Remember my post about Kelsey Peterson, the predatory teacher who after sexual assaulting her 13 year old student for a period of at least a term crossed not only state but national borders in a desperate attempt to avoid prosecution and continue her access to a child? Remember how authorities refused to return young Fernando to his parents in the U.S. or even inform them he had been found because he had no documentation? If not, read here.
. . . it gets worse . . .
Kelsey Peterson is now claiming that she was battered by Fernando and he demanded that she take him on the multi-state, multi-nation escapade in order to return to Mexico. We are to believe that a 13 year old math student physically threatened and abused 25 year old teacher into sexually violating him and then kidnapping him. We are supposed to believe that it was not her suspension by the school administrators and the sudden warning that her activities were under investigation that made her kidnap the only witness to her sexual predatory behavior and flee the country the very next day but her fear of further physical threats and potentially beating at the hand of a 13 year old kid.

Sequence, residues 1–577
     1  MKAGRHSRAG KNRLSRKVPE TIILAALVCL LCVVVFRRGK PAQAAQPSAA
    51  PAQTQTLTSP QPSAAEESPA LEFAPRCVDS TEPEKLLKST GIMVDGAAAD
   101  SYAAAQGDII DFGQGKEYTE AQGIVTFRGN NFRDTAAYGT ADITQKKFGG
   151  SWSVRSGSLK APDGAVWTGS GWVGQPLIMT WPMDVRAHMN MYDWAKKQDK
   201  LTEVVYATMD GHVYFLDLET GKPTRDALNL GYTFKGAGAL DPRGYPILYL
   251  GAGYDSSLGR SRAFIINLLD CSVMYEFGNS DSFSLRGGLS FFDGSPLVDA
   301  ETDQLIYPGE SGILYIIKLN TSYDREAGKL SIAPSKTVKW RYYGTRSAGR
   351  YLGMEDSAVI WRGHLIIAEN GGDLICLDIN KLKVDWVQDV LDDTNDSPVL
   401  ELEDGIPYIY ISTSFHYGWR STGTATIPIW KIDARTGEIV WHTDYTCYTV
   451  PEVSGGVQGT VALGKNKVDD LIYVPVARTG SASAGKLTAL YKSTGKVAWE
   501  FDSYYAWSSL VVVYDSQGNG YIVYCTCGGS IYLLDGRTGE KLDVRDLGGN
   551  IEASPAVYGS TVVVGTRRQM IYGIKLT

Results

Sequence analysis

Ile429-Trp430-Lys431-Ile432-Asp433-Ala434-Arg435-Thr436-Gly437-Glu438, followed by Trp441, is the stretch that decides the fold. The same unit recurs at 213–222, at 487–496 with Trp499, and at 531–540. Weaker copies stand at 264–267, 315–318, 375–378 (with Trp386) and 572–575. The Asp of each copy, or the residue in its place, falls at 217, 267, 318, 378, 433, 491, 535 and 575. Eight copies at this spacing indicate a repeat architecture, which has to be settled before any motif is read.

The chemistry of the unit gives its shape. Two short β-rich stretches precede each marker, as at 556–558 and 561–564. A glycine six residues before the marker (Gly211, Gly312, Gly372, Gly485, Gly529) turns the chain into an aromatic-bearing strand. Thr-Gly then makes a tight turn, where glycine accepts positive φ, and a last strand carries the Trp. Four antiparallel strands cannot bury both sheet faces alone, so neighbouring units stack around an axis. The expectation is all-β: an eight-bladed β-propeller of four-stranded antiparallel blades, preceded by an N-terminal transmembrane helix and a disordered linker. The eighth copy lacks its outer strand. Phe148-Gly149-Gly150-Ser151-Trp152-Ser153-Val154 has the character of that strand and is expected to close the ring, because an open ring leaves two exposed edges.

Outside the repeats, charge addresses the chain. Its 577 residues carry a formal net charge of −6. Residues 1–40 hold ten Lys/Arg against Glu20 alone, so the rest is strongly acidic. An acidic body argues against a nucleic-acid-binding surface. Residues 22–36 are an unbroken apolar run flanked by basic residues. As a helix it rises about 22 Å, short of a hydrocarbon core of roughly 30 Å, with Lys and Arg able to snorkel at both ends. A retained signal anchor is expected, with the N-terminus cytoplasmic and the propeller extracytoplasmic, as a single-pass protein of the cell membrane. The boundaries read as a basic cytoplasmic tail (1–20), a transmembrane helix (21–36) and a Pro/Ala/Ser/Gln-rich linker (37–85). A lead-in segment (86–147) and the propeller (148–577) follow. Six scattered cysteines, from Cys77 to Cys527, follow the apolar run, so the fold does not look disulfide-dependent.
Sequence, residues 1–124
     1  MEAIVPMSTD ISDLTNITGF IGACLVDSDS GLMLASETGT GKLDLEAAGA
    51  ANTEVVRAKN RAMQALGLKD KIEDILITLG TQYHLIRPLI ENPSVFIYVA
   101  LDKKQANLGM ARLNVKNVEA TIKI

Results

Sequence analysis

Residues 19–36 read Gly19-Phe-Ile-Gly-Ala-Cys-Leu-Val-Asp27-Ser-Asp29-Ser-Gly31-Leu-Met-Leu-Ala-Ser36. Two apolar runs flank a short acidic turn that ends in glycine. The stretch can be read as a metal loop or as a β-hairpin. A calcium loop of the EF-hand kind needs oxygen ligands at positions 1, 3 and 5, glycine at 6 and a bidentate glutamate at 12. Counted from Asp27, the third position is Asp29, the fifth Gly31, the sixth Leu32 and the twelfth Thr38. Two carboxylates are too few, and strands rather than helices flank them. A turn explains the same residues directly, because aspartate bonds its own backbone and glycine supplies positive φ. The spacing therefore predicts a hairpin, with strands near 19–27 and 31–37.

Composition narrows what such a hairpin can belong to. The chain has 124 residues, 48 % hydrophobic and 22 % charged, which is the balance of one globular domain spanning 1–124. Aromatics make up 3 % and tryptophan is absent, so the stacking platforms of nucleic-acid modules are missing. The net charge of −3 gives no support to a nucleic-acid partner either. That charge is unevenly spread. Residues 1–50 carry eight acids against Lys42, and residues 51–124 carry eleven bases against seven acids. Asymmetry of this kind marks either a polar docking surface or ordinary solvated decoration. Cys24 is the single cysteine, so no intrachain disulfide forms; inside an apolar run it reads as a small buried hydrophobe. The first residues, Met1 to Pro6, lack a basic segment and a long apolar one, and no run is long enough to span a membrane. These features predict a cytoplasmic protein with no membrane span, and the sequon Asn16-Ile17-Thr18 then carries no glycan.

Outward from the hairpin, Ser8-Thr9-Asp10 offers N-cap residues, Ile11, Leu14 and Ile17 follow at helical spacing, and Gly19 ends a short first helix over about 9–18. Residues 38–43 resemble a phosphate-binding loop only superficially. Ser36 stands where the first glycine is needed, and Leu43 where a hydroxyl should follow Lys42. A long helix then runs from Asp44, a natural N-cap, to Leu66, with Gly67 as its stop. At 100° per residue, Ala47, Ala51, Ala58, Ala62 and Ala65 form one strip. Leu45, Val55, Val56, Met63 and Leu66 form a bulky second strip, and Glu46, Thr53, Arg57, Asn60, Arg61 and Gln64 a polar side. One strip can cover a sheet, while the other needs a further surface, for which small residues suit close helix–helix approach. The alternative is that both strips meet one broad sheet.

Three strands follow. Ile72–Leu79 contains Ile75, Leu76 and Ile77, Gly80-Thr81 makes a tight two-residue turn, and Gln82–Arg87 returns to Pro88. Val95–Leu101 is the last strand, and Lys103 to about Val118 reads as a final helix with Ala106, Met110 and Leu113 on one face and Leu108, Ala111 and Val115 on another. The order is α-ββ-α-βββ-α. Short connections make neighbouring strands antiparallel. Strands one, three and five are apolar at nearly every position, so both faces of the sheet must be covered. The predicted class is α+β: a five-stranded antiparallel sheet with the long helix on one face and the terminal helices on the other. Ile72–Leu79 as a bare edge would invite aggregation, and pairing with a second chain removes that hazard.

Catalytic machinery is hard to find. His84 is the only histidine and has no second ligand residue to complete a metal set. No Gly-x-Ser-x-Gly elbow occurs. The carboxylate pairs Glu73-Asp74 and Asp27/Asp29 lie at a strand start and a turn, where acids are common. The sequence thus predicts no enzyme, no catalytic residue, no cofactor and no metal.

Why should we believe this? White innocence. Brown guilt.
Can teenagers batter? of course they can and sadly, do. However, the definition of a batterer is someone with power and control. How could newly 13 year old Fernando have had the power or the control over his 25 year old teacher? How exactly did he force her into purchasing a phone for him and then force her into calling him for sex regularly against his parent’s will, his friends and colleagues concern, and school board policy? And what kind of logic prompted 13 year old Fernando to give up his home, nation, and possibly get other members of his family deported just so he could menace a teacher he had daily access to in his math class?
The sickest part of this story is not that it relies on the myth of the black rapist to deflect the very real presence of a white one. Nor even the fact that Peterson is using feminist theory of domestic violence in order to deflect her own sexual violence against another. The sickest part is that some media pundits have already weighed in on the side of the teacher, citing criminal activity of illegal immigrants to back their decision.
I find myself once again turning to James Baldwin, this time in his work “Down at the Cross” in The Fire Next Time, where Baldwin introduces and expands on both the idea of white innocence and the sexual predatory nature of racism aimed at young men of color. In these troubled times it is worth a new read. It is also worth all of us crying out for Fernando who has lost so much already while his teacher still retains her innocence.